Healthy Swaps-Rice Stand-Ins
Many people are still confused about whether or not white rice is good for you. For one, we are often told that the Asian way of eating is a healthy one, and we know they eat a lot of white rice. Also, we know grains are important for health, and rice is very clearly a grain. The nitty-gritty can be found in the difference between a refined grain and a whole grain. White rice is a grain that has been refined – which means the nutrient-dense parts of it have been stripped away, leaving only the sticky, starchy center. This center, or endosperm, is essentially the nutritional equivalent of table sugar, and it has a similarly high impact on blood glucose.
The obvious better choice is brown rice, which is a whole grain rich in beneficial phytochemicals and fiber. A diet rich in whole grains is linked to decreased insulin resistance and increased insulin sensitivity, as well as an overall decreased risk of type 2 diabetes and other chronic diseases.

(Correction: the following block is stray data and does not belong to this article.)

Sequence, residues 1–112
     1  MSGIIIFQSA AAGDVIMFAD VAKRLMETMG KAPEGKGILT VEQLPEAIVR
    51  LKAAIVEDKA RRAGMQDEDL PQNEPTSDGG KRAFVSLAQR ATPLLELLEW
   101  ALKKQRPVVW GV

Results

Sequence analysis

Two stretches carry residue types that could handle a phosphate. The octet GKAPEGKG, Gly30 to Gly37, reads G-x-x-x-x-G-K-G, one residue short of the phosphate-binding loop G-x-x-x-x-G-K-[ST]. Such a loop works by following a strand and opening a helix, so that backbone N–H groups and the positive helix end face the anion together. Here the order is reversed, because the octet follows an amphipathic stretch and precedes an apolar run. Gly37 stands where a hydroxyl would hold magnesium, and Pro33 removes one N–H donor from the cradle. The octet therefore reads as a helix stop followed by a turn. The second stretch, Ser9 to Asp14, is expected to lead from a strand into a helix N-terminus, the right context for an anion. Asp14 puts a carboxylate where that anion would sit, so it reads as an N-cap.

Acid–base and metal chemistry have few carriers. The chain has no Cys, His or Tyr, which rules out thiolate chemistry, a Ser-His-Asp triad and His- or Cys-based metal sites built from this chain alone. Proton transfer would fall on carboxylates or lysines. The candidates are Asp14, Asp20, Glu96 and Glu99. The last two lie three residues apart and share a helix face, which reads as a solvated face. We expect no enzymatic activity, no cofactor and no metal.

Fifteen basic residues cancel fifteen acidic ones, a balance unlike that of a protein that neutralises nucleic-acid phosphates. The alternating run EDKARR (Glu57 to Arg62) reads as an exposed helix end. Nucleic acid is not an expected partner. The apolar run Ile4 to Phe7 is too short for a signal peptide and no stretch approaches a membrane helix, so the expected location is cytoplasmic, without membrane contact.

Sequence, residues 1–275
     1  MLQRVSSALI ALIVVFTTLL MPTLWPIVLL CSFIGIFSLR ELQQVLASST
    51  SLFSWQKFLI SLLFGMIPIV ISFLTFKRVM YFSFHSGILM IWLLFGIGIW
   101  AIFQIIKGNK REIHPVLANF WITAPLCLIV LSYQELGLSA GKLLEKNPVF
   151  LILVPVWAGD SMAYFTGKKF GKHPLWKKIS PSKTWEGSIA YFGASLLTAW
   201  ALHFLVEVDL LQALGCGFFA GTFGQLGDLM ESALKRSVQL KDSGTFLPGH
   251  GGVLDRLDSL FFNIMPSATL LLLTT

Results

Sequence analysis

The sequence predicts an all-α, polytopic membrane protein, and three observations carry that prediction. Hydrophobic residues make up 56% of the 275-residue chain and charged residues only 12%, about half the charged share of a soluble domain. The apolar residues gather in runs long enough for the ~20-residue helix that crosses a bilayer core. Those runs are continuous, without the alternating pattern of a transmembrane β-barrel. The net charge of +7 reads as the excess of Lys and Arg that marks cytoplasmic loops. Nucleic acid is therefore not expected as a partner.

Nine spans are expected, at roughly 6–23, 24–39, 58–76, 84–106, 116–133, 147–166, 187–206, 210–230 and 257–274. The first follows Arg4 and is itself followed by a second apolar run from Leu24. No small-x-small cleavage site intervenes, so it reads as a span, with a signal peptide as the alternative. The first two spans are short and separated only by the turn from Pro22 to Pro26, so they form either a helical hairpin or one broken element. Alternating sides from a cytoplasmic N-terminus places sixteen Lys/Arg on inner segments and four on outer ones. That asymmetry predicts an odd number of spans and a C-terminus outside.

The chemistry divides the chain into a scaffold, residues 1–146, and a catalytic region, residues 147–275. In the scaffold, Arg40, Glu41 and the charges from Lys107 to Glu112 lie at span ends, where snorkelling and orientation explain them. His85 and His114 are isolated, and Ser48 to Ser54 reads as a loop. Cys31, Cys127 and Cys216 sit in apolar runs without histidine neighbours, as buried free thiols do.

However, brown rice isn't the only choice. When brown rice doesn't fit your needs –– or if you just aren't a fan of its texture and flavor –– other great whole-grain options abound. Try barley, buckwheat (kasha), bulgur, or quinoa. Each of these grains has a slightly different texture and flavor, but all can be substituted for rice. They can be cooked on the stovetop in boiling water (or better yet, use chicken, beef, or vegetable broth). Read package directions for amounts and time. Always test in the last five to 10 minutes to make sure the grains don't become mushy.
Reviewed by Susan Weiner, R.D., M.S., C.D.E., C.D.N. 3/08
One in Ten AMI Patients Have Unrecognized Incident Diabetes
Two New LDL Cholesterol Drugs May Have Big Impact on Heart Disease
COBA Conference Steers Forward in the Fight Against Childhood Obesity
Google Secures Patent for Glucose-Sensing Contact Lens
Medtronic to Use GlucoSitter Artificial Pancreas Software in Future Insulin Pumps - A Big Deal!
Cucumber and Onion Salad Sugar-Free Chocolate Cupcakes Aztec Chicken Salad Bean Dip With Blue Cheese and Bacon Salmon Egg Drop Soup Peanut butter Pudding Pineapple Custard Garlic-Sage-Marinated Beef Pot Roast Antipasto Salsa Southwestern Shredded Salad
My diabetes is changing. Until a few years ago, my morning readings were reasonable and within the desired range of under 100 mg/dl. About two years ago, they started slipping upwards into the less-desirable but apparently not-worrisome range of 100-110 mg/dl. Now, this was what was recorded by my Abbott Freestyle Lite meter, which is known to record at the lower end of the home-glucometer variability range, but with my A1c firmly in the high 5s and low 6s, the meter's tendency to...